Aug 1, 2023
“It may turn out that life is every bit as ubiquitous in the universe as it is on Earth, but it may also turn out that we are utterly alone.”
Since I was 5 years old, it has scarcely occurred to me that we might be alone in the Universe. We live in a cosmos made up of billions of galaxies, each housing billions of stars. It is ludicrous to think that ‘life’ has occurred only on one rock in one solar system in one galaxy.
When my children were young, we’d spend hours speculating on which moons of which outer planets were most likely to harbor life…and what that life might look like. And Mars? Of course, we’ll find life there; the only question is whether that life will be extant…or extinct.
For 70 years, extraterrestrial life was a fixed star in my firmament, a premise in my logos. But that was then! Now don’t get me wrong, I still believe it is absolutely possible that we will discover incontrovertible evidence – perhaps before I finish this article - that life arose independently somewhere else in Universe. But I no longer take that for granted.
From childhood through middle age, my belief in the existence of extraterrestrial life marked me as a bit of a kook. But over the last 15 years, the rapid discovery of ‘exo-earths’ and the apparent ubiquity of precursor organic compounds has moved public opinion sharply in my direction. Except I’m not there anymore. I’ve moved on. Here’s why:
All life on Earth is a product of DNA, but that strange double helix appeared only once in Earth’s 4-billion-year history, and that was about 3.5 billion years ago. Every single life form on Earth today, every species, every cell is descended from that one DNA molecule.
Incredible…but so what? Well, it took a mere ½ billion years for the first primitive DNA molecule to synthesize; in the 3.5 billion years since, not a single self-replicating molecule has formed independently anywhere on Earth. Why not? If the progression from organic compounds to self-replicating molecules is semi-automatic, why did it happen here only once?
Our study of terrestrial life forms has shown one thing above all else – life is resilient! You can’t kill it, no matter how hard you try. Of course, you can easily kill a single organism with a tug on a trigger. But life itself? No way!
Consider the evidence. A single DNA molecule is responsible for the 2 million ‘known species’ in Earth’s biosphere. (The total number of species may be as many as 10 million.) Even more significantly, life thrives virtually everywhere on Earth: arctic, tropic, water, land.
Living organisms can breathe oxygen…or carbon dioxide…or methane. Some organisms, like the Water Bear, can apparently survive for long periods without access to any breathable gas. Freeze an organism for centuries and, under the right conditions, you may be able to revive it. Life – you just can’t kill it! So if life had emerged more than once on Earth, all forms would likely have survived…at least long enough to leave fossil records. So where are they?
The Martian climate is not particularly hospitable to Earth-like life but, given their track record, there is no doubt in my mind that terrestrial life forms, once introduced onto Mars, would quickly adapt and survive indefinitely.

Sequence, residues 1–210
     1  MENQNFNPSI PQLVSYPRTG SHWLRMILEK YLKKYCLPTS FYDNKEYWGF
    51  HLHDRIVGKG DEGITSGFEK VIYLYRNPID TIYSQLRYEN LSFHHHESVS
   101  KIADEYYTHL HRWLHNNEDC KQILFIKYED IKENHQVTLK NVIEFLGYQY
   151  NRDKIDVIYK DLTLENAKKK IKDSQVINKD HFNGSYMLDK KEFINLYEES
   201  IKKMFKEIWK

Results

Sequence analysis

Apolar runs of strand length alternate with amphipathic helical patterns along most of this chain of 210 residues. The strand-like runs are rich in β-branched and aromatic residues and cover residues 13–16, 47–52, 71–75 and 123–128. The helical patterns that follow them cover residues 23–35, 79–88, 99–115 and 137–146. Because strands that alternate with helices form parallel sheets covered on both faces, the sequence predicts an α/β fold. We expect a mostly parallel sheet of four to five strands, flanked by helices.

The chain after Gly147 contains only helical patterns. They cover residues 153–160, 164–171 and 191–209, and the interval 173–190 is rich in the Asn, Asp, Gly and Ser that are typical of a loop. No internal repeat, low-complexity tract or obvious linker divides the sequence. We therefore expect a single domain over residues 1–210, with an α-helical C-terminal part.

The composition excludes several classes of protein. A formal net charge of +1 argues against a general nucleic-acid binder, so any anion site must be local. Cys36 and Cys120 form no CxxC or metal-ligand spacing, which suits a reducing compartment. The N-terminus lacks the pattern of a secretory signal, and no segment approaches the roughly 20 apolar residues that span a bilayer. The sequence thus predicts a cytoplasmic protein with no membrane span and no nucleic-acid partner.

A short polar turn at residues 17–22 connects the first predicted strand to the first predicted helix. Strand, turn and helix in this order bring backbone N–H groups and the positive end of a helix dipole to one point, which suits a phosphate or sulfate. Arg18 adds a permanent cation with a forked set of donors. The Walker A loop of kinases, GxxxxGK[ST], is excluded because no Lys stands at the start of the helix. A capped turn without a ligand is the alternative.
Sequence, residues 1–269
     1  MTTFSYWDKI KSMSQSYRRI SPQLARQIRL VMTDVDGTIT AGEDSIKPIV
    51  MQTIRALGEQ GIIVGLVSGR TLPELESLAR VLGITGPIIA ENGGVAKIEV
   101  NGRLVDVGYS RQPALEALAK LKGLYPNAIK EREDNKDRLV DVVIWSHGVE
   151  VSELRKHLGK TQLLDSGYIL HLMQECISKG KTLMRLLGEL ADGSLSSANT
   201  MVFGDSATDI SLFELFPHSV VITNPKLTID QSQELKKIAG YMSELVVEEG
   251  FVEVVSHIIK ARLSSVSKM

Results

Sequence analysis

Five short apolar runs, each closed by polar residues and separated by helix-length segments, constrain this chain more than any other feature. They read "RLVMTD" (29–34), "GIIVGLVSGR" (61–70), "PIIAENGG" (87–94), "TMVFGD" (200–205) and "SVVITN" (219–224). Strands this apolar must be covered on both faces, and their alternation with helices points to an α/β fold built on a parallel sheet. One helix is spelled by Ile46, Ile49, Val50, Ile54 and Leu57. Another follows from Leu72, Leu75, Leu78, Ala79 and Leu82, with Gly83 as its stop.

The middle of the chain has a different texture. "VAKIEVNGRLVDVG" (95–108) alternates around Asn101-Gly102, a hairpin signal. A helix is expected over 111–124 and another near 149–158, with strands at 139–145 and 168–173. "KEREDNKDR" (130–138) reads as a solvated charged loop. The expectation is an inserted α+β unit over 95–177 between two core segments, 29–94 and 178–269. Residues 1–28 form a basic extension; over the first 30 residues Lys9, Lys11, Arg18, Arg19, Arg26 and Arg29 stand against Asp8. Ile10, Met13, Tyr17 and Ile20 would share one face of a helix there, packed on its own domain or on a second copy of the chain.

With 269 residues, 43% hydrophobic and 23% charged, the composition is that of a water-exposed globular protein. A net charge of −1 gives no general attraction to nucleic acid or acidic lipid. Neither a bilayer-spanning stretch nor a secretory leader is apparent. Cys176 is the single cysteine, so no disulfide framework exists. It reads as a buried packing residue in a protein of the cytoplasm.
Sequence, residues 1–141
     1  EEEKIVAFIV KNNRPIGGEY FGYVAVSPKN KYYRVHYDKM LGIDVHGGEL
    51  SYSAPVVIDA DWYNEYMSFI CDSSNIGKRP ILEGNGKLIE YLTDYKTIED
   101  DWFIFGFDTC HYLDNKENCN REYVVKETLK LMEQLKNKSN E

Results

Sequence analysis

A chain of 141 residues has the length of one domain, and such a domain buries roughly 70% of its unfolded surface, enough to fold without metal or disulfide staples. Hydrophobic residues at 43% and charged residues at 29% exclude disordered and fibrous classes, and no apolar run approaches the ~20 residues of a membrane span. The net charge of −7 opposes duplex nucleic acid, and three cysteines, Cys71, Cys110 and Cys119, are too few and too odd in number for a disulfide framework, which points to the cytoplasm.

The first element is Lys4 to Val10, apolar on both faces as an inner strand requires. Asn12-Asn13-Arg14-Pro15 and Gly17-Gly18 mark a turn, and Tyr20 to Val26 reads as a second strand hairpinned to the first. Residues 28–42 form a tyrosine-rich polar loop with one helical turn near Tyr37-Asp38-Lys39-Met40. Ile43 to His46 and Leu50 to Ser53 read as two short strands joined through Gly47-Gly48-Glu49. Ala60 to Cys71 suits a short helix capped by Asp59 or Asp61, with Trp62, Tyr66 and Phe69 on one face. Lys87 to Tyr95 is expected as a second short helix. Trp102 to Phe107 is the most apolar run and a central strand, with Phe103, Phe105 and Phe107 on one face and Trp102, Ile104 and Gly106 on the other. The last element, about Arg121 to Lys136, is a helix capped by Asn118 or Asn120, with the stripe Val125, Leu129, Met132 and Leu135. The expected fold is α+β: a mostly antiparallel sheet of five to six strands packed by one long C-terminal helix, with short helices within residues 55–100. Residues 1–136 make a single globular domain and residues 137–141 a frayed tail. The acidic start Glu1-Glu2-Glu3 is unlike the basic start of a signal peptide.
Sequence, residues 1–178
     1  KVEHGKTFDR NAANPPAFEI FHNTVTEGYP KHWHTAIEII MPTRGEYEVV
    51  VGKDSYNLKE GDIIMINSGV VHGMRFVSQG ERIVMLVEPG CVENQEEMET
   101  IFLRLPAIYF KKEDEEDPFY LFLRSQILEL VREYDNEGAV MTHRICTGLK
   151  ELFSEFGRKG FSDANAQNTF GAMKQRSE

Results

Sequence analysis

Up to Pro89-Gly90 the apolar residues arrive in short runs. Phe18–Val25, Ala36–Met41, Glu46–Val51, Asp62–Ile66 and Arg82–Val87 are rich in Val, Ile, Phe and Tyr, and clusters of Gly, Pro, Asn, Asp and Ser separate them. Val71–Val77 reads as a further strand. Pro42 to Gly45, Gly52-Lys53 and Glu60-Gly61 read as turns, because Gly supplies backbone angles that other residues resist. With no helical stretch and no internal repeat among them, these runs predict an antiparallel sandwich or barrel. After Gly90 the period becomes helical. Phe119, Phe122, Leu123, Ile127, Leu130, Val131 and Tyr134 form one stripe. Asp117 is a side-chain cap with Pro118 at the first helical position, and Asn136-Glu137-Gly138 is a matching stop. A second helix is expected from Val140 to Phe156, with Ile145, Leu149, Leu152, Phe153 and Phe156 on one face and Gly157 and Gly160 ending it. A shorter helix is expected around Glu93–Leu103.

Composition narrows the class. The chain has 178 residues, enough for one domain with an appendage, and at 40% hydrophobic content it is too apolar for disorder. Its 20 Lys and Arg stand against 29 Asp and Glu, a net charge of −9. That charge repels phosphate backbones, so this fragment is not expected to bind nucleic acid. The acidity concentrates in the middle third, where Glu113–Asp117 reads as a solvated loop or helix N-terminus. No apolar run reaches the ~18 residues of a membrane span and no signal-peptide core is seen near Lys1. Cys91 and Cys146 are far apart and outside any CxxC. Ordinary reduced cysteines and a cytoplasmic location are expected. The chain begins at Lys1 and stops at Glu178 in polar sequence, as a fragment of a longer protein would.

So, one of three things must be true: (1) There is not now nor has there ever been any indigenous life on Mars, (2) there once was life on Mars, but now it’s extinct, or (3) there are living organisms on Mars today.
We’ve ruled out #2. If #3, we should have found incontrovertible evidence by now. We have littered the Martian landscape with scientific debris. We even have a helicopter flying around in the ultra-thin atmosphere. So far, nothing.
But #3 has an even bigger problem: While Universe may be stingy with life, it appears to be generous with intelligence. While life ‘evolved’ on Earth only once, ‘intelligence’ emerged independently on multiple occasions in multiple forms, among primates, avians, cephalopods, insects, trees, etc. Could it be that intelligence is ubiquitous and life unique?
Sadly, this leaves us with #1: we won’t find any playmates on our ‘twin planet’.
Beyond Mars, we’re actively searching the rest of the Universe; we’re broadcasting our EM messages into space…but no one is returning our calls. And apparently, nobody is trying to get in touch with us either. We have searched in the most likely spots: the Martian soil and the EM spectrum, and found nothing.
So, I propose a new SETI paradigm: If life had evolved independently, on Earth or elsewhere, it would have survived and it would be intelligent. The galaxy-wide search for extinct microorganisms is doomed to failure.
The most respected contrary argument is based on probability theory: “It is infinitesimally probable that life emerged once on Earth and nowhere else.” This argument is persuasive…but false!
Suppose I pick a card out of some deck and the card I pick happens to be red. I might be tempted to assume that all the cards in the deck are red, and they very well may be. But maybe half are red. Or maybe none of the remaining cards is red. Perhaps every card in the deck is a different color.
We have no idea! We have a single data point. We don’t know if the value of that data point is universal or unique. Without more information, all possible arrangements must be considered equally probable. We need at least one more data point to be able to reason probabilistically; but at the moment, we don’t have that 2nd point.
So, while it may turn out that life is every bit as ubiquitous in the Universe as it is on Earth, it may also turn out that we are utterly alone.